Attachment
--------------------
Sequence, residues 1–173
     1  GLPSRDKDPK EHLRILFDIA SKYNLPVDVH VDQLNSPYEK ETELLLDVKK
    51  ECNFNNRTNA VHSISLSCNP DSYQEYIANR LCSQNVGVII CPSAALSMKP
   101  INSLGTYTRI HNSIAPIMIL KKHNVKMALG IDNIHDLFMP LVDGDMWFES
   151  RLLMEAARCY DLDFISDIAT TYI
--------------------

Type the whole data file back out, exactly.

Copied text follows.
Sequence, residues 1–173
     1  GLPSRDKDPK EHLRILFDIA SKYNLPVDVH VDQLNSPYEK ETELLLDVKK
    51  ECNFNNRTNA VHSISLSCNP DSYQEYIANR LCSQNVGVII CPSAALSMKP
   101  INSLGTYTRI HNSIAPIMIL KKHNVKMALG IDNIHDLFMP LVDGDMWFES
   151  RLLMEAARCY DLDFISDIAT TYI